Well, this notion from Europe and especially from the Greeks and Arabs joined in Peru with a different Andean idea that cold is dangerous. It is the property of night when the chill sinks from the high mountain glaciers, as if it came from another time, like the cold shadows that infuse the tombs where the ancestors’ bodies lay.
The idea is not so much the temperature, as the temperature in combination with the understanding that cold unsettles current time and reality. It transforms, just as right now throughout the highlands frost is changing potatoes from plump, firm and crunchy mounds of delight into shriveled, dark chuño (freeze-dried potatoes.)
As a result cold marks times of transition in the daily round, such as those moments when night turns to day or day turns to night, when it is considered good to give the body an infusion of warmth to keep one alive and vigorous in the face of impending cold.
The emoliente then is a combination of Andean ideas — which had a strong understanding of food regulating the cosmic state of the body and, as a result, a whole tradition of herbal infusions and hot liquids to keep cold in check — with those of ancient Greece brought by the Spaniards.
So, when you see the emolientera with her cart, complete with a government license to sell in the streets, you see someone who like a priest can fend of the powers of night, and you see someone who brings a twined tradition from Europe of vitamins and vital drinks along with Andean concerns for besting cold.
In Cuzco, her cart will have in its center a pot of hot liquid which is supposed to be barley water infused with horsetail (equisetum,) another traditional European medicinal plant. She will fill a glass with that liquid and then add to it a selection of herbal infusions that line a side of her cart like an array of colored glass. You choose the one she will add to your glass to give it color and additional taste, as well as health benefit.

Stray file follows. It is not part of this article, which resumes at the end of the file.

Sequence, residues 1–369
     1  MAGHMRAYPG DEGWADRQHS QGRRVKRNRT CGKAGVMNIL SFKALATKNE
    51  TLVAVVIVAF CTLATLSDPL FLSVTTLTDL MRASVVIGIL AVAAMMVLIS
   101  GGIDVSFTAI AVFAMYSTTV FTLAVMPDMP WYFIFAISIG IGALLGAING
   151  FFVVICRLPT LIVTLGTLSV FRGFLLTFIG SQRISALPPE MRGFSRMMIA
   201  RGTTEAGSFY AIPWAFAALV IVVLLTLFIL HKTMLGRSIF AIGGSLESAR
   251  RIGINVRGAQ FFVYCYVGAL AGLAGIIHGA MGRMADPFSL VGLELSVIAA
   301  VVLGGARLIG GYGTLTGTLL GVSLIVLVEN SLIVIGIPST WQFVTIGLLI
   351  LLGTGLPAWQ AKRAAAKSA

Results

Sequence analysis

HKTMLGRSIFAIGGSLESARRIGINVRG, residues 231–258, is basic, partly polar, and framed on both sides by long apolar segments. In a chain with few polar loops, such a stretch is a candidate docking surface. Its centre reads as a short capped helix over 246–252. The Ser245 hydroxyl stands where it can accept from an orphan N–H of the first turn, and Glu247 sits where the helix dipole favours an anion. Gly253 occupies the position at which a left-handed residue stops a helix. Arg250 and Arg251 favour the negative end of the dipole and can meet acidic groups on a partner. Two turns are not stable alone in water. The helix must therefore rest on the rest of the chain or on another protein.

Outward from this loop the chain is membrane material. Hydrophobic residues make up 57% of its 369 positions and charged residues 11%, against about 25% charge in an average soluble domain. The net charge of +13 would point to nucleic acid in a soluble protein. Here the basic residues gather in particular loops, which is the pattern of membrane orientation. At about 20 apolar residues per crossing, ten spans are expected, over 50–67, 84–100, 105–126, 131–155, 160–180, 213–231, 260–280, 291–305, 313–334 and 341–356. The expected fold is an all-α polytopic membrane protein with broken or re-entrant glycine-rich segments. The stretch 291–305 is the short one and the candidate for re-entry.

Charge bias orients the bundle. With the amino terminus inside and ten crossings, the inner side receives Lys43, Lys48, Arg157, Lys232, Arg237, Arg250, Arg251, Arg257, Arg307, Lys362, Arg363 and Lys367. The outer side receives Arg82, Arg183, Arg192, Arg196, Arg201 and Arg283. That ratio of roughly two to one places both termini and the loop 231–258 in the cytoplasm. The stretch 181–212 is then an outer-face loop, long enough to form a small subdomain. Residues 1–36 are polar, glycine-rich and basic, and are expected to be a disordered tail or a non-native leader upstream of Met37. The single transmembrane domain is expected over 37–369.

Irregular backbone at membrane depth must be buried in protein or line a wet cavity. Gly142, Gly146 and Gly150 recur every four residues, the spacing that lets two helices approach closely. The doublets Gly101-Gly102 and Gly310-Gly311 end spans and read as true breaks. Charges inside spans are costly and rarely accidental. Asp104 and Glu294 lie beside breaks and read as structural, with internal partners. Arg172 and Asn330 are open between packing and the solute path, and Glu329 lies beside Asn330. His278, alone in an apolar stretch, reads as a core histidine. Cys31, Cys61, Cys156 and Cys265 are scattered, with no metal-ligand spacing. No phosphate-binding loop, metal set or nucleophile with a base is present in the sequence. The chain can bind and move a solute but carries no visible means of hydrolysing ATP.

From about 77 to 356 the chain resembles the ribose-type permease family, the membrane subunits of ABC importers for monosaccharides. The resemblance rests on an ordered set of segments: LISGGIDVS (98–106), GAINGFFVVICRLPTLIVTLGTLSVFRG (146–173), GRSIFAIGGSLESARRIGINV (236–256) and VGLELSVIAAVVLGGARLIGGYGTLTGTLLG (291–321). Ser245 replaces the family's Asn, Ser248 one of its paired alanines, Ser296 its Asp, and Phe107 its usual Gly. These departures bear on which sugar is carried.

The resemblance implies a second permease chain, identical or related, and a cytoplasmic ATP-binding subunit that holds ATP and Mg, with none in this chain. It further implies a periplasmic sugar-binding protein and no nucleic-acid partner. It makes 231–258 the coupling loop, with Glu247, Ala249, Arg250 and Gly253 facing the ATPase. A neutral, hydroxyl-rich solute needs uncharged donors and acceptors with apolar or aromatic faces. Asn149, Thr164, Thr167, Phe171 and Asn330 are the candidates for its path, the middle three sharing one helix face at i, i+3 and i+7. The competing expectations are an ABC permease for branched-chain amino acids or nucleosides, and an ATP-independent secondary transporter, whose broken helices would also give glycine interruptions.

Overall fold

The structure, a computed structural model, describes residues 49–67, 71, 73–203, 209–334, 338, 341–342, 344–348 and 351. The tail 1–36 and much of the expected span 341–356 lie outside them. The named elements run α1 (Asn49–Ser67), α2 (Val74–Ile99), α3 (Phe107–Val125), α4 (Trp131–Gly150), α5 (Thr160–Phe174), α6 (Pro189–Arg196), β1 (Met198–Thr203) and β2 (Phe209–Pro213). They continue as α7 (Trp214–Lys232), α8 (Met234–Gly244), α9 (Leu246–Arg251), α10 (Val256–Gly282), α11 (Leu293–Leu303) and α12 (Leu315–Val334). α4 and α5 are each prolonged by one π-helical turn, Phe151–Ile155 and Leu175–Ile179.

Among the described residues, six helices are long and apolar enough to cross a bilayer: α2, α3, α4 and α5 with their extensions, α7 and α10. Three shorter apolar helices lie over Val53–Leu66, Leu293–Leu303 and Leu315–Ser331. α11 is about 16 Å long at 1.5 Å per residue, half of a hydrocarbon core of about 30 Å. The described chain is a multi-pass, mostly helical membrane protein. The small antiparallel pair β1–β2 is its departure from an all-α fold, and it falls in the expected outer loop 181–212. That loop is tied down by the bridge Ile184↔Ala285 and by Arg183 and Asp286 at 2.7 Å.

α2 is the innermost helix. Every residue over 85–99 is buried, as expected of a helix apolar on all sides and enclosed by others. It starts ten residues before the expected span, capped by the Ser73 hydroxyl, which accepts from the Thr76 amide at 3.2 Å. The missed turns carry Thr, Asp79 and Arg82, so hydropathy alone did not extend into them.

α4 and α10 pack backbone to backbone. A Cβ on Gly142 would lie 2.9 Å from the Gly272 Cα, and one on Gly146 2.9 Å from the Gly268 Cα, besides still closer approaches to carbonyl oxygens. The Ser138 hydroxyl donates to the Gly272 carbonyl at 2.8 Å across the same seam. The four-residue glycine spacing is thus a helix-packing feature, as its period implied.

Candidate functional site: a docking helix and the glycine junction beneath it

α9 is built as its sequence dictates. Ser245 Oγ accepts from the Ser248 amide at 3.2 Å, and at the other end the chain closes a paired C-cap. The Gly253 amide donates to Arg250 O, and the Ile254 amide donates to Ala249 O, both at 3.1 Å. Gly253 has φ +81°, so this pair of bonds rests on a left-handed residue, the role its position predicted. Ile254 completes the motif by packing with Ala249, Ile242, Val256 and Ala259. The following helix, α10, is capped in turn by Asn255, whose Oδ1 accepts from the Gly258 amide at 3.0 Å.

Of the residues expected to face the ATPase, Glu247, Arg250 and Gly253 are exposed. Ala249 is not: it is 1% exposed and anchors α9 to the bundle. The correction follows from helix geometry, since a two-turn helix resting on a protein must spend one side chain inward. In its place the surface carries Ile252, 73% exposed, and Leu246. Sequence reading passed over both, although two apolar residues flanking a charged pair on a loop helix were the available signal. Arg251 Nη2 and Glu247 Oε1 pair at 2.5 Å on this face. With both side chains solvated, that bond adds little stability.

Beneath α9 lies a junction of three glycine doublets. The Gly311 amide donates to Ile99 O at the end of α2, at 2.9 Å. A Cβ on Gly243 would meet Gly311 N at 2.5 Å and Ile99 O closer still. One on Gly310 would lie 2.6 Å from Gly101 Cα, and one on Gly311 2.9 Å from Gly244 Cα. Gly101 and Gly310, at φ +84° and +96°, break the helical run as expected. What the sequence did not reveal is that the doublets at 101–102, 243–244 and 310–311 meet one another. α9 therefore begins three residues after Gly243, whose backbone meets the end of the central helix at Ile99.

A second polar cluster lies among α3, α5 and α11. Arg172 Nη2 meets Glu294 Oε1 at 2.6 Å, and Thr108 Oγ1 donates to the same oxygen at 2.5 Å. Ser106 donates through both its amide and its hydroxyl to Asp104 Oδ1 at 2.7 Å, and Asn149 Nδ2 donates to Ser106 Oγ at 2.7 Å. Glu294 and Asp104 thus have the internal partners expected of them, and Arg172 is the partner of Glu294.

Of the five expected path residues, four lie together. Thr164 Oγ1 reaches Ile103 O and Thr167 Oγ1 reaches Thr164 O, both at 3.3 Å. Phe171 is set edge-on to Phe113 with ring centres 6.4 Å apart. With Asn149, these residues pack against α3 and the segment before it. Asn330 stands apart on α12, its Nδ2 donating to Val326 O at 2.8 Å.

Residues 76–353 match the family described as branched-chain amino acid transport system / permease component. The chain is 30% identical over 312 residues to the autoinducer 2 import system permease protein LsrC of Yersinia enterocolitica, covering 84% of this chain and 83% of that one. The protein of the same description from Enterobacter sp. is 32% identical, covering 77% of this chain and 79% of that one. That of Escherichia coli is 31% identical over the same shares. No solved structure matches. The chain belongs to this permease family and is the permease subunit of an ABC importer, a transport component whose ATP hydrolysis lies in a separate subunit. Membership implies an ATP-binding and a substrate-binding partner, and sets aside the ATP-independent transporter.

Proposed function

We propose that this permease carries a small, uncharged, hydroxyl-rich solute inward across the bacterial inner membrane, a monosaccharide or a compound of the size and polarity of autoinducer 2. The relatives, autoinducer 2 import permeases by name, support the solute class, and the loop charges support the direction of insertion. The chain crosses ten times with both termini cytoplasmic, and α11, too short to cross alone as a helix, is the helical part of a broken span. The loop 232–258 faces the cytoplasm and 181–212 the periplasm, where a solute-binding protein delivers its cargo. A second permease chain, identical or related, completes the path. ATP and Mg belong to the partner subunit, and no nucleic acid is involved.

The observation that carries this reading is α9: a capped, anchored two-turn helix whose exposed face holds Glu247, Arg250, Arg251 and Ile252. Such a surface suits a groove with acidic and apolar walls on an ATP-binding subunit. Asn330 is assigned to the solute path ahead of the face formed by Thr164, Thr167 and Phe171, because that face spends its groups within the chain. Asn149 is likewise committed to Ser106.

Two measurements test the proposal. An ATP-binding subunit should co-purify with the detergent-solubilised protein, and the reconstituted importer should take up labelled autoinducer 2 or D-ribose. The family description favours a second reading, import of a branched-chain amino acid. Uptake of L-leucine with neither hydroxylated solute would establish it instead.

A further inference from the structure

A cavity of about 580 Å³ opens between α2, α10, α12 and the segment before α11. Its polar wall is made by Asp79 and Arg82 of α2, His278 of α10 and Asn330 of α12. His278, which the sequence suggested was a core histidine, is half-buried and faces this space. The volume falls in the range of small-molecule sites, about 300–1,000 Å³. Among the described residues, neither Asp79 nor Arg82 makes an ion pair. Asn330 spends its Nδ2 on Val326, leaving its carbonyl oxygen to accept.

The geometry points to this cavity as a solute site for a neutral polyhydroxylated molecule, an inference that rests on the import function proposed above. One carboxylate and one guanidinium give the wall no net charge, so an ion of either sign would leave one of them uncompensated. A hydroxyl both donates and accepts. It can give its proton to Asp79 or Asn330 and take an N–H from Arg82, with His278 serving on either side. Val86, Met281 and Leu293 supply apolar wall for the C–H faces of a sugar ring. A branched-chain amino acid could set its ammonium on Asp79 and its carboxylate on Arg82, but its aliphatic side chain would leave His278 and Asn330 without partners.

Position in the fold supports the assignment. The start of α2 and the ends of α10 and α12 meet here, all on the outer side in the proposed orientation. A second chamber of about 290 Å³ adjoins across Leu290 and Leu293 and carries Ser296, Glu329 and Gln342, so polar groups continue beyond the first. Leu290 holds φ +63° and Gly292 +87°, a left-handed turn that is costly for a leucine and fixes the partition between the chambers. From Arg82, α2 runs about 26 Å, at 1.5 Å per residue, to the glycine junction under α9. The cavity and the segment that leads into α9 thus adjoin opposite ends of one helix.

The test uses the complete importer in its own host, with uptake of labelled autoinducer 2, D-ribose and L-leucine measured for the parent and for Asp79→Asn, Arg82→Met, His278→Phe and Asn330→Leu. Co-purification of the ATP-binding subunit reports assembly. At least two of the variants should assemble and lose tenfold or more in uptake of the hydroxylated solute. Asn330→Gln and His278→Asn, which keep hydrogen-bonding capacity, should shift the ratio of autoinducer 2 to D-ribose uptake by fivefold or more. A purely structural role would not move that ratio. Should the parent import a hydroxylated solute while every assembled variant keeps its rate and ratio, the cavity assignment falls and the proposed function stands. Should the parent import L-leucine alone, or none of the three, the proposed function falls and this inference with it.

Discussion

When I asked the other day, the emolientera told me she had bottles of lime concentrate, boldo (a concentrate from the leaves of an indigenous tree — peumus boldus — often hailed for medicinal value,) pepinillo (an indigenous fruit –solanum muricatum,) airampu (a concentrate from an indigenous plant which is either a cactus fruit — opuntia airampu — famous for its intense red color, the color of life and, not coincidently, one of the main preferred colors of the Inca elite, or a similarly colored fruit of a tree — berberis lutea) and white gum (goma blanca).
While for the people of Cuzco the health properties of each of these are important, and are part of why they drink emolientes at dawn and dusk, still the heat of the hot liquid in a glass as it warms your hands, and its breath as the steam, redolent with scent, bathes your face and enters your lungs bringing vitality all by itself already calms and soothes when it is cold.
This experience of cold making your hands and face stiff, before you lift and drink something hot to chase the cold away and cause your extremities to relax, is paradigmatic of being in highland Peru, just as it was in Inca times. And it awaits you on the next street corner.
Here is a recipe for emoliente.